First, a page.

The Chicago Climate Exchange (CCX)
by Sean Chamberlin - Sunday, 15 October 2006, 02:28 PM

About CCX


The Chicago Climate Exchange (CCX) is North America’s only, and the world’s first, greenhouse gas (GHG) emission registry, reduction and trading system for all six greenhouse gases (GHGs). CCX is a self-regulatory, rules based exchange designed and governed by CCX Members. Members make a voluntary but legally binding commitment to reduce GHG emissions. By the end of Phase I (December, 2006) all Members will have reduced direct emissions 4% below a baseline period of 1998-2001.Phase II, which extends the CCX reduction program through 2010, will require all Members to reduce GHG emissions 6% below baseline.

The goals of CCX are:
    To facilitate the transaction of greenhouse gas emissions allowance trading with price
       transparency, design excellence and environmental integrity
    To build the skills and institutions needed to cost-effectively manage greenhouse gas emissions
    To facilitate capacity-building in both public and private sector to facilitate greenhouse gas
    To strengthen the intellectual framework required for cost effective and valid greenhouse gas
    To help inform the public debate on managing the risk of global climate change

CCX Derived from Feasibility and Design Research Supported by Millennium Grants from the Joyce Foundation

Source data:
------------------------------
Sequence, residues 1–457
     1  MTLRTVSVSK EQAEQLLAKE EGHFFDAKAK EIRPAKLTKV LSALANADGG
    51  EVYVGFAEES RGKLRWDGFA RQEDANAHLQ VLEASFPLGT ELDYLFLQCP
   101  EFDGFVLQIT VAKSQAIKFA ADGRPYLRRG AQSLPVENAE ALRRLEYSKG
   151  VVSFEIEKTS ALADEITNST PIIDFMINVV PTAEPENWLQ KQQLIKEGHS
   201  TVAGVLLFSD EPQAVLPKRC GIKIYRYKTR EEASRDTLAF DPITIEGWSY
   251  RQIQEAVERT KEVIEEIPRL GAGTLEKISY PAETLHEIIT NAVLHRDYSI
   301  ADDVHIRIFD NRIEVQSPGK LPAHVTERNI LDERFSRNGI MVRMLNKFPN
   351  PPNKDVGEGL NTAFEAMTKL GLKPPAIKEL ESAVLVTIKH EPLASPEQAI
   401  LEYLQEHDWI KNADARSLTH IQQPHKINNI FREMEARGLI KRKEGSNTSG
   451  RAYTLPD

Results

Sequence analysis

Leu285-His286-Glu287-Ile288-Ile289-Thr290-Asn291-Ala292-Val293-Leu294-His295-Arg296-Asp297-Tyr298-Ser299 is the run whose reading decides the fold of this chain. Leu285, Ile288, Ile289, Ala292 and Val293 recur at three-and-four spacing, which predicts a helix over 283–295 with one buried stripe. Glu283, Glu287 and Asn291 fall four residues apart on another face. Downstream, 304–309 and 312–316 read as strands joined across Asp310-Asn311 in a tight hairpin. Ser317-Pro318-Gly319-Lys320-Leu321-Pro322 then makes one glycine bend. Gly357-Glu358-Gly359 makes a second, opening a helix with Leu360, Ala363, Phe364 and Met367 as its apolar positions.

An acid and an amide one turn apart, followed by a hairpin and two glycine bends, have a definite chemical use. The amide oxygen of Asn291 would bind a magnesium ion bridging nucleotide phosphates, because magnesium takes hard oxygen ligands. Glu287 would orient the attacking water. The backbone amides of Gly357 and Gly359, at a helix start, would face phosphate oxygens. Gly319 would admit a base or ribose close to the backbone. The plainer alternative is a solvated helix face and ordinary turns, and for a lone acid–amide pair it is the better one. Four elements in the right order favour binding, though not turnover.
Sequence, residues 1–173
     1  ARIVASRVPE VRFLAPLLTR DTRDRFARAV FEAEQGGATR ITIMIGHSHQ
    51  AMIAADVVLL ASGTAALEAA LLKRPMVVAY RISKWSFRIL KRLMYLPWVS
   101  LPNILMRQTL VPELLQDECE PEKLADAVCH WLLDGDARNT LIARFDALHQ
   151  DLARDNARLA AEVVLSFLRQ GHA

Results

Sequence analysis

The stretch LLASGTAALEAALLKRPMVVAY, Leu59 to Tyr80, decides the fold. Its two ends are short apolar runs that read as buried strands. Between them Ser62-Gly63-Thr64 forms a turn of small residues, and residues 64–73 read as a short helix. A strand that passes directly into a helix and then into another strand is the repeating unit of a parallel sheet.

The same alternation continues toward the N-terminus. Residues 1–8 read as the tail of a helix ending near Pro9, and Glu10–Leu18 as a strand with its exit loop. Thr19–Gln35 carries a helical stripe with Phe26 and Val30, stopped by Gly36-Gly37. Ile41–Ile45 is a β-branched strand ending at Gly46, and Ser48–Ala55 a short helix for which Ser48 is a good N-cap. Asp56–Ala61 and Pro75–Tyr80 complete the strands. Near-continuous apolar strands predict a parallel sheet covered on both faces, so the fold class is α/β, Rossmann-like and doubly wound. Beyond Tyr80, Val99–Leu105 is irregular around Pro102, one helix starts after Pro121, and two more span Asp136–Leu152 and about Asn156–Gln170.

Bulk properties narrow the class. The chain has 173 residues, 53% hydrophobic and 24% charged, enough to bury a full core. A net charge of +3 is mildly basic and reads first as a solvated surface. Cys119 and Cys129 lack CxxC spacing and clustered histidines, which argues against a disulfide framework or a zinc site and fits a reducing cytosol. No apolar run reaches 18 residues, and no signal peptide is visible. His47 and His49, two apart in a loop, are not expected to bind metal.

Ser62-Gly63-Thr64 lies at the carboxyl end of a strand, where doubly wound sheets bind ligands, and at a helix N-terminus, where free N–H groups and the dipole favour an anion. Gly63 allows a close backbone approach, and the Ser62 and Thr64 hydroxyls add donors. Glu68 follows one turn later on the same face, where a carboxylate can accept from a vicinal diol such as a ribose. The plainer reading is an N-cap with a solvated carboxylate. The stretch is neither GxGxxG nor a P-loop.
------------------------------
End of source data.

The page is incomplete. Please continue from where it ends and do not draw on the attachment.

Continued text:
The development of CCX was initiated through a feasibility study that was funded by the Chicago-based Joyce Foundation in 2000, a leading public policy philanthropy. The grant was administered by Northwestern University’s Kellogg Graduate School of Management and conducted by Environmental Financial Products (EFP). The predecessor to CCX, EFP specialized in developing and trading new environmental, financial and commodity markets. It also designed risk management and hybrid financial instruments that enhance the interrelationships between the capital, commodity and environmental markets. EFP’s principals acted both as agents and advisors in a variety of environmental trades and capital markets transactions. They also authored numerous articles in academic and general interest publications.

The study concluded that a North American private sector pilot greenhouse gas trading market was feasible. A subsequent grant in August, 2001 funded the initiation of research on market implementation. The research included:
    Preparation of an initial market architecture
    Formation of a high-level advisory board
    Recruitment of industry to contribute to development of market rules